African Americans are more likely to be diagnosed with metastatic colorectal cancer than whites and have shorter survival once they are diagnosed. In this analysis, the authors examined racial differences in clinical outcomes among patients with metastatic colorectal cancer (mCRC) who received bevacizumab.
The study cohort consisted of 1589 white patients (81.4%) and 227 African American patients (11.6%) with mCRC who received front-line bevacizumab therapy and who were enrolled in a large, predominantly community-based, prospective, observational cohort study. Differences in time-to-event endpoints and response rates were examined by race. Differences in the incidence of baseline and treatment-related toxicities associated with bevacizumab also were examined. Finally, differences in patterns of care by race were explored.
The median overall survival was 22.6 months for African Americans and 22.9 months for whites, and the median progression-free survival was 9.5 months for African Americans and 9.8 months for whites. Response rates (complete responses plus partial responses) were 37.5% for African Americans and 46.3% for whites (adjusted odds ratio, 0.67; 95% confidence interval, 0.50-0.90). African Americans had higher rates of baseline diabetes (18.9% vs 11%; P = .002), higher rates of hypertension (52.9% vs 41.4%; P = .001), and worsening hypertension while on therapy (13.7% vs 8.9%; P = .02), but no differences in on-treatment arterial thromboembolic events were observed.
It is well established that African Americans with colon and rectal cancer have both a higher incidence and poorer overall survival compared with whites and that this survival disparity actually is growing.1-3 Much of this disparity is attributed to differences in stage at diagnosis4; however, even when analyses are controlled for disease stage at diagnosis, survival disparities persist and are worsening over time.
The driving factors for this increased stage-specific survival disparity are unclear. There are several potential explanations, including lower rates or quality of treatment for African American patients during a time when the availability of curative therapy options was increasing; higher rates of baseline comorbidities, which lead to poorer overall survival; or differences in underlying tumor biology, which lead to lower survival rates for African American patients.5-12 Evaluations of the clinical trial data consistently indicate no differences in cancer-specific survival by race but, in certain trials, do reveal overall survival differences, suggesting that baseline comorbidities may be important.5, 13-15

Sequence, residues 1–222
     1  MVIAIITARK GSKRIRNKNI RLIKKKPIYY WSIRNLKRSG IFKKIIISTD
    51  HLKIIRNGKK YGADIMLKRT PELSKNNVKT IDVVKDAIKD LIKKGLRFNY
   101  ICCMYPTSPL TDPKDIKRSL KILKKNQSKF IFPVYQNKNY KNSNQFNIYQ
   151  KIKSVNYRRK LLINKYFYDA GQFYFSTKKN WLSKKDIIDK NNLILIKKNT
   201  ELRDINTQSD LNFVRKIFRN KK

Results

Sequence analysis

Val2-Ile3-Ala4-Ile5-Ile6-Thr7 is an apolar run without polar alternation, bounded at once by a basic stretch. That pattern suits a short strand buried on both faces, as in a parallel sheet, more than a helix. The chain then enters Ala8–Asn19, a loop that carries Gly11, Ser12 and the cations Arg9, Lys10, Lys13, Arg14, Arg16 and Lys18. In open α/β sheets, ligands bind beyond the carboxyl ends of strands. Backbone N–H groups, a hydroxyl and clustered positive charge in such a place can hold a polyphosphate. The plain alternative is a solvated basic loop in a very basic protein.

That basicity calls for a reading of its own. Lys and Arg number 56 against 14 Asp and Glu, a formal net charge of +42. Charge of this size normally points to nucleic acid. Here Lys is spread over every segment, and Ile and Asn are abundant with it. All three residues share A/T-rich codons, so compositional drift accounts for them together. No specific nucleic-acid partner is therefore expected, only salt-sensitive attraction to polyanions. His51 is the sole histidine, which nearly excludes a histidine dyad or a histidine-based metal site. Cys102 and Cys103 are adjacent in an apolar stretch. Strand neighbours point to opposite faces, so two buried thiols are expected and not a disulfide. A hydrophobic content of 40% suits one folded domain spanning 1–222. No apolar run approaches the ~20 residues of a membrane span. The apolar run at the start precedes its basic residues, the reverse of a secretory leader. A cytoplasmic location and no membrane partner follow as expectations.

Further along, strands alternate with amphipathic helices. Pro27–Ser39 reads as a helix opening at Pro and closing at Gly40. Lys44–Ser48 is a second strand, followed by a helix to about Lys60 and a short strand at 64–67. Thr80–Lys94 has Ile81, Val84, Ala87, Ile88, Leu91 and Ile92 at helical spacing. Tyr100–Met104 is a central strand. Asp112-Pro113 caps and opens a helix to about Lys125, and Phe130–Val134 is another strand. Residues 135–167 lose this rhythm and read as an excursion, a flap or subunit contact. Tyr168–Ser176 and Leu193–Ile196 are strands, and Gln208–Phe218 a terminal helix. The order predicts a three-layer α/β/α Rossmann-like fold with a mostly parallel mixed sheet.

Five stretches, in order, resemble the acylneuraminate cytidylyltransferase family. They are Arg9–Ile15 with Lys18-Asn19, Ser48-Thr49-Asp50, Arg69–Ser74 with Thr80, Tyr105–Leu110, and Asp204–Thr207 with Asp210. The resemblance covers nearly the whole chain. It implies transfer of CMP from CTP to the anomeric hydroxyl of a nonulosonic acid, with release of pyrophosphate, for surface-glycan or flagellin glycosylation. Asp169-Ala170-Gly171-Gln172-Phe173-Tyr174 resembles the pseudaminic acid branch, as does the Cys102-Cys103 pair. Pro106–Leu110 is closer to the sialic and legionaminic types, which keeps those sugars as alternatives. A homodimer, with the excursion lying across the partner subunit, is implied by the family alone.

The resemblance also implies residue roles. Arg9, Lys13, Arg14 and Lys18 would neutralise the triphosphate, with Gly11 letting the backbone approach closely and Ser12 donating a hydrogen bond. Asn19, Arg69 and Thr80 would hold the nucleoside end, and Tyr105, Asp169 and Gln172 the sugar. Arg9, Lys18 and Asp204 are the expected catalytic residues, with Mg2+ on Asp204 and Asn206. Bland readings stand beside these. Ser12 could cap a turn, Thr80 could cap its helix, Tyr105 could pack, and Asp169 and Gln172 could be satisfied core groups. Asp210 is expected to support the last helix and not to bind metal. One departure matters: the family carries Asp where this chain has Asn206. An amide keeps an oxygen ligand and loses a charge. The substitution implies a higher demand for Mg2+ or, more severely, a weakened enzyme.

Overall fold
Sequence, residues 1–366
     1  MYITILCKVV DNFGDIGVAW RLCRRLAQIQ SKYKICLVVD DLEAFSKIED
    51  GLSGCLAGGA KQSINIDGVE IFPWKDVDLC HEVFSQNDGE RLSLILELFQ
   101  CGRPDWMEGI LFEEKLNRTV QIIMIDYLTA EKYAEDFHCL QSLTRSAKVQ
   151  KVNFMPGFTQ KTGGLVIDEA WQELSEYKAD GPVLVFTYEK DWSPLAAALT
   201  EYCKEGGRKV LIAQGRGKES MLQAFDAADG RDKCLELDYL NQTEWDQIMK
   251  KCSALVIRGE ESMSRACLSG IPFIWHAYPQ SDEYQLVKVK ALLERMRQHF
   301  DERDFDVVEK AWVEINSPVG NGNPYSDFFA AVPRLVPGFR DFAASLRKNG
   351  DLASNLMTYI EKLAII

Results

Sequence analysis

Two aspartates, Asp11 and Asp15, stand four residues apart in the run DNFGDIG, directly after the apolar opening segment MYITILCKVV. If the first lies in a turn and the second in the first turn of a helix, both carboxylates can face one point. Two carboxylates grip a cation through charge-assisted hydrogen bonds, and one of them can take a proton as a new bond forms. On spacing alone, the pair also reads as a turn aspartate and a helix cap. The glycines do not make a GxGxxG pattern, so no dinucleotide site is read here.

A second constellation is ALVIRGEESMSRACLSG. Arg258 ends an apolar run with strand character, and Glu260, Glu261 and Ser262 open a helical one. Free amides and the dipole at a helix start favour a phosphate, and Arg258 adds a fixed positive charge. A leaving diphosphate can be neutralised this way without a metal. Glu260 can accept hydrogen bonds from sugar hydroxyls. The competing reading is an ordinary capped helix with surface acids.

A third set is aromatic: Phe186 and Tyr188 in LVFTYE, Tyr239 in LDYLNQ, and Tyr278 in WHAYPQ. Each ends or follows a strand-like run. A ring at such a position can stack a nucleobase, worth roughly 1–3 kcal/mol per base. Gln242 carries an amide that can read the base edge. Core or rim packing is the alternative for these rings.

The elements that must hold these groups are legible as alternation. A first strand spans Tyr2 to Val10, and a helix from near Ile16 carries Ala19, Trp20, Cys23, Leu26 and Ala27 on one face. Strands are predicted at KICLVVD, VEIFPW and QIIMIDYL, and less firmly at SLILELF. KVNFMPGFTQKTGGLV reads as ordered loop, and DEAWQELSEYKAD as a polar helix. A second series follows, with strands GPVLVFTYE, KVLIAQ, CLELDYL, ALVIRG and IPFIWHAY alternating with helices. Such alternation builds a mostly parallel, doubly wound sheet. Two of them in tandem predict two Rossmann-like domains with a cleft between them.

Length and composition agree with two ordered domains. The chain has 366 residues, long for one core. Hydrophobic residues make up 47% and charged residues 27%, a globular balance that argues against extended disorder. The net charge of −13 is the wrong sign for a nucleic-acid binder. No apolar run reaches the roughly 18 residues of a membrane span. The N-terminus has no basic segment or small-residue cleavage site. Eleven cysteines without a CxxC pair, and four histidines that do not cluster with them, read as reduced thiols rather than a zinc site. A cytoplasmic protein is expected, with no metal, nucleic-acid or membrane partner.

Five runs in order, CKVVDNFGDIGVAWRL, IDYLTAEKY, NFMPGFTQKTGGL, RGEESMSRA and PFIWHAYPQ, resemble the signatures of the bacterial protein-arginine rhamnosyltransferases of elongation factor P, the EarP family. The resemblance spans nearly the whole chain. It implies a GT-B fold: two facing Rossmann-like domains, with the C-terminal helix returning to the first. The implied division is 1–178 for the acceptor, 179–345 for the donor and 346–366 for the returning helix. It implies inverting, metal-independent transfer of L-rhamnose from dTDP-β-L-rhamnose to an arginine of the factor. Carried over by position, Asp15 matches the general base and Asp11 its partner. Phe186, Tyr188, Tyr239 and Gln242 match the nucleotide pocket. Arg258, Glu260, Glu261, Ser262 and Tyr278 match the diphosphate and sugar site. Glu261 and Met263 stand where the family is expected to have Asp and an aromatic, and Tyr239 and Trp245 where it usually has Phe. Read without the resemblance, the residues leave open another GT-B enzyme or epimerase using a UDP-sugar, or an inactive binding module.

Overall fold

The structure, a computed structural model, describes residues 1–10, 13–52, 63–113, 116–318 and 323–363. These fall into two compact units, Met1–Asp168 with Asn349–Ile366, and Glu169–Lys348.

The baseline comorbidity differences between African Americans and whites may be particularly important with bevacizumab, which is known to cause increases in the rates of hypertension and arterial thromboembolic events.16 Given the demonstrated efficacy of bevacizumab in the front-line treatment of metastatic colorectal cancer,17 it will be particularly important to explore racial differences in outcomes among patients who receive bevacizumab in the front-line metastatic setting given the higher rates of cardiovascular risk factors among African Americans.18-21 In this report, we present results from the Bevacizumab Regimens: Investigation of Treatment Effects and Safety (BRiTE) study, an observational study that, as described below, provides data that overcome many of the limitations described above.
MATERIALS AND METHODS
Details of the BRiTE registry have been published previously; however, in brief, BRiTE is a large, US-based, prospective, observational cohort study that was conducted at 248 study sites in 49 states.22 Also, 98% of patients in the study were from community-based versus academic medical practices. Patients were able to participate if they met the following criteria: previously untreated metastatic colorectal cancer, treatment with bevacizumab as first-line therapy, and signed informed consent. There were no specific exclusion criteria. Patients were considered on study until death, withdrawal of consent, or loss to follow-up. There were no protocol-specified treatments or assessments. All aspects of patients' treatments over time, including specific chemotherapy agents and/or combinations and the dose, schedule, and duration of bevacizumab treatment, were determined by the patient's physician. Occurrences of adverse events were reported by each patient's physician. Data were collected at baseline and every 3 months through a web-based electronic data-collection system. Total dropout or loss to follow-up was 12% (235 patients) and was similar between African Americans and whites (10.6% vs 11.6%, respectively).